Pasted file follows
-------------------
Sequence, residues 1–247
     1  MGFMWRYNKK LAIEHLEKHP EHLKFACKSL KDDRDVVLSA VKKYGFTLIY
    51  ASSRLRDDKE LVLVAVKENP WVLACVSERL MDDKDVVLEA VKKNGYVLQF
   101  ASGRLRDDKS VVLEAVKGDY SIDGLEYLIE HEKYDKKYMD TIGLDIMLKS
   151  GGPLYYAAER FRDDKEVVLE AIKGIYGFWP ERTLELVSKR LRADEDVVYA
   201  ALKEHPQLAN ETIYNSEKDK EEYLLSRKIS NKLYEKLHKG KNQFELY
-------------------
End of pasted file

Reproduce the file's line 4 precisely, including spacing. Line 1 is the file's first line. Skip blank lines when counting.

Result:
   101  ASGRLRDDKS VVLEAVKGDY SIDGLEYLIE HEKYDKKYMD TIGLDIMLKS